A well-known hard-rock singer was invited to perform on Use Your Illusion. Flying in from frigid New York, he arrived at the Los Angeles studio and found the session postponed. How come? Because Axl Rose had decided he’d prefer seeing L.A. rockers Jane’s Addiction in concert that night. When the same thing happened again the next night, the singer decided that waiting comfortably in a plush Hollywood hotel room paid for by the band and its record company was altogether preferable to spending the winter in Manhattan.
3. The mixing mix-ups
Bob Clearmountain, one of the most respected sound engineers in the record industry, spent several frustrating weeks in Los Angeles’ Record Plant recording studios working with Guns N’ Roses, all for naught. Of the 24 song mixes he completed, not one will appear on Use Your Illusion.
Recounting that experience, Clearmountain cites one major frustration: Axl Rose ”seemed to have a lot on his mind at the time,” and getting the singer to join the rest of the band in the studio — Clearmountain prefers his clients to be heavily involved — was an absolute nightmare. Because Slash and Rose were going through one of their periodic personality clashes at the time, Clearmountain says Slash deliberately stayed away from the studio so as not to ”distract” the singer, and instead worked with him over the phone — ”a very awkward way to work.” And Rose himself? ”You wouldn’t hear from him for a week, and then he’d show up,” . Clearmountain recalls. ”I’d ask if he listened to the last couple of mixes I did, and he’d say, ‘Oh yeah, man, it’s happening.’ And that’d be about it. He basically wasn’t paying attention.”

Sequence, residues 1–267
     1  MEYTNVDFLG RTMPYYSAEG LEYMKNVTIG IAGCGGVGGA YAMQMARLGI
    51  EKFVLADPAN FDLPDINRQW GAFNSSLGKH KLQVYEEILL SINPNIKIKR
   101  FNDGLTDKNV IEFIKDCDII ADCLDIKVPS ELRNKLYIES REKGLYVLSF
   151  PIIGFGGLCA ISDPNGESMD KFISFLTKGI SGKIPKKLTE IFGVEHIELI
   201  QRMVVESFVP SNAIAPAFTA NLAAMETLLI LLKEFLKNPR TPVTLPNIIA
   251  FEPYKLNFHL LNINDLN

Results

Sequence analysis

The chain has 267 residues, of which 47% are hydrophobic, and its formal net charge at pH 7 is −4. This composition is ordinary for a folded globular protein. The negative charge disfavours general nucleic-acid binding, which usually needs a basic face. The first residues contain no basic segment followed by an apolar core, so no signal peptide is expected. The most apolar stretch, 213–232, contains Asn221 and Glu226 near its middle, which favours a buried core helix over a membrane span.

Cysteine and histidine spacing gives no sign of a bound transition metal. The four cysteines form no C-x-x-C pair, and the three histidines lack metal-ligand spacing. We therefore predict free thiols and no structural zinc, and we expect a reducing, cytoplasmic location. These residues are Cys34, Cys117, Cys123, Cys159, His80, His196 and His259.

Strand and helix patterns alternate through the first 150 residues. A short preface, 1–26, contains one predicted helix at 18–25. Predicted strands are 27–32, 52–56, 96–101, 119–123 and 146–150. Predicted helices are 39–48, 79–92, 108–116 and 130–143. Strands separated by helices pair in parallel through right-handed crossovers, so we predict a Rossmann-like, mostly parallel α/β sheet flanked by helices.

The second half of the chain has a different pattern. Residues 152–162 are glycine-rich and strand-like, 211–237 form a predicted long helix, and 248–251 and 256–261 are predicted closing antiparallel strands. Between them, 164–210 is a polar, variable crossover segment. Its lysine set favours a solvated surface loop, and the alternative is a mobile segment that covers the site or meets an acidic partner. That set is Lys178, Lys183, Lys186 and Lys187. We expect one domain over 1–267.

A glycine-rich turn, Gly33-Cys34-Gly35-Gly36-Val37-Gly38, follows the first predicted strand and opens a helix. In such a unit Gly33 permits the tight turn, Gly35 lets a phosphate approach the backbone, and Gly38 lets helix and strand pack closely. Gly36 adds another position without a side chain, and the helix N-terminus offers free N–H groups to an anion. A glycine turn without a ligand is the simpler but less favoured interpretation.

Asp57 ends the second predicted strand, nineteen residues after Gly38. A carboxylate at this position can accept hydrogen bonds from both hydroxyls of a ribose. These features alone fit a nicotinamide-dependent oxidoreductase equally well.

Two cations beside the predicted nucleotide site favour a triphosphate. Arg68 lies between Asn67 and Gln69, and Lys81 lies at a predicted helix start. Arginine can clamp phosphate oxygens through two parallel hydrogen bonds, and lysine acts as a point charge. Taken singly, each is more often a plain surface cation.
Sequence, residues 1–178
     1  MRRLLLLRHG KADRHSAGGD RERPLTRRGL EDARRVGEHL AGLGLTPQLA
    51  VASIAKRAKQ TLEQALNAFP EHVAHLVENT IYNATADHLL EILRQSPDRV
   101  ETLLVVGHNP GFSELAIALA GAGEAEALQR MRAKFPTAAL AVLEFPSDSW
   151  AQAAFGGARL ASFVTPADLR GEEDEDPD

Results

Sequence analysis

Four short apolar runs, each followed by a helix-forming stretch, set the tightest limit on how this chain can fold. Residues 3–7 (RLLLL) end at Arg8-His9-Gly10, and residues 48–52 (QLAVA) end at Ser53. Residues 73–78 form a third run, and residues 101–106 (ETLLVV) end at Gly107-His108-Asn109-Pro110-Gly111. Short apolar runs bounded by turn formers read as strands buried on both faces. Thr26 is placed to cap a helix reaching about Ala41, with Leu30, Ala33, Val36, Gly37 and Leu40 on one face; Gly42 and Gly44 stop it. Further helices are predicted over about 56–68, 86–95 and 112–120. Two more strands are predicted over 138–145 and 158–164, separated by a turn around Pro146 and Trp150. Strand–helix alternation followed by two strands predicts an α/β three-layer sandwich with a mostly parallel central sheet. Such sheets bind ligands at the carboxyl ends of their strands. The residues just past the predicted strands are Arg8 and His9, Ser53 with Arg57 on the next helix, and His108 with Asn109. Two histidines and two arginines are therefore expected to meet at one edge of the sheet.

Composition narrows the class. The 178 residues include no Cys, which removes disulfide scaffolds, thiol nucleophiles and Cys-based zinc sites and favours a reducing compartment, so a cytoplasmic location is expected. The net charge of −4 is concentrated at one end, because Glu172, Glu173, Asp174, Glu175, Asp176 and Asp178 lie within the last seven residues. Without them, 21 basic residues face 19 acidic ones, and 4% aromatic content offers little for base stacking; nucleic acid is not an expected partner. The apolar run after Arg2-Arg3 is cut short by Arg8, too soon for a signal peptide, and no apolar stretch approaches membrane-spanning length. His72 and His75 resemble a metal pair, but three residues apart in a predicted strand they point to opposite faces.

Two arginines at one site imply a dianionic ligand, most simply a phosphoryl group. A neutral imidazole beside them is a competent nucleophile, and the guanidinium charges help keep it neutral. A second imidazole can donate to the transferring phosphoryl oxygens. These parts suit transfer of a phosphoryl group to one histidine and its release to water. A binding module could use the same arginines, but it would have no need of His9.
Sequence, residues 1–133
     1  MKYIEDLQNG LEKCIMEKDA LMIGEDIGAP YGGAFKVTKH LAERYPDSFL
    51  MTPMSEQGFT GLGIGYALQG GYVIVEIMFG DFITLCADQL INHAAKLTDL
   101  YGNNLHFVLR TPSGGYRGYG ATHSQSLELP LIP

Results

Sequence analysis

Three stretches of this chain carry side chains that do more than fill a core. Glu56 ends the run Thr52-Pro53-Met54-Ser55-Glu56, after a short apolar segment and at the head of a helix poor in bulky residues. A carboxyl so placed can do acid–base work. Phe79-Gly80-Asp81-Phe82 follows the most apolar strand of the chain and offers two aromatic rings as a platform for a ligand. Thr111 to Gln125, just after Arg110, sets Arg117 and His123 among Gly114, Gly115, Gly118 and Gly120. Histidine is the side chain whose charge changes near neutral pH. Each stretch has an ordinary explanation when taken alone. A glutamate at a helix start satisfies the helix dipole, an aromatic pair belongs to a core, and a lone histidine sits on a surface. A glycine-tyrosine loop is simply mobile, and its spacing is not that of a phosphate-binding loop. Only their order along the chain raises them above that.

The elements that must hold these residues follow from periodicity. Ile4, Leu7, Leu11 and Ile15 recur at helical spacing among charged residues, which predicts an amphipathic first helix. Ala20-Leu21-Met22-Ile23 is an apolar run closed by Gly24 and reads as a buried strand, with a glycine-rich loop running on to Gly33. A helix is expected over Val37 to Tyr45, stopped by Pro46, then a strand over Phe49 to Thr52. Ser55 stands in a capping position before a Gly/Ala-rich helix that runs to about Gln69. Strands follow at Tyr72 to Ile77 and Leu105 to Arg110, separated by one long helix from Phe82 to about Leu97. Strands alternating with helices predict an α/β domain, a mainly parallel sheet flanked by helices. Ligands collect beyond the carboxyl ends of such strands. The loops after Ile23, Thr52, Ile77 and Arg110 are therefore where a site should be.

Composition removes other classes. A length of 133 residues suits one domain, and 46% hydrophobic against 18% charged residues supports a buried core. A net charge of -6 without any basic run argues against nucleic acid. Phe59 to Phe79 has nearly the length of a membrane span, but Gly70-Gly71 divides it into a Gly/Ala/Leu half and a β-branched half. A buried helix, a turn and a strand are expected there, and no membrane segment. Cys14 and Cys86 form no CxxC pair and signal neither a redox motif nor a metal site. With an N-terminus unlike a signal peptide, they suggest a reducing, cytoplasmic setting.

Worse yet, several sources say that by the second week of mixing, no one in Guns N’ Roses was talking to Tom Zutaut, the Geffen A&R executive who’d signed the band to the label and had an enormous role in the making of Appetite for Destruction. ”Axl said he didn’t want Tom around,” says Clearmountain, ”which was too bad, because I think he would have had a lot of good input.” The official comment from the group is that Clearmountain departed due to a scheduling problem — but according to a source close to the band, ”Everybody thought Clearmountain’s mixes sucked. But they didn’t want to be hateful or harmful to him, because he did his very best.” Oddly enough, no one from Guns N’ Roses ever bothered to air his complaints when the mixer was around to hear them.
Convulsions like these are one reason friends of the band sometimes speak of ”the Axl Rose Circus.” Bob Clearmountain isn’t alone when he refers to Guns N’ Roses as ”he” before instantly correcting it to ”they.” Everything revolves around Axl; ask him a question at the wrong moment and trouble is almost guaranteed. Clearmountain vividly remembers how Rose would respond to pressure in the studio: ”He would threaten to quit the band three times a week.”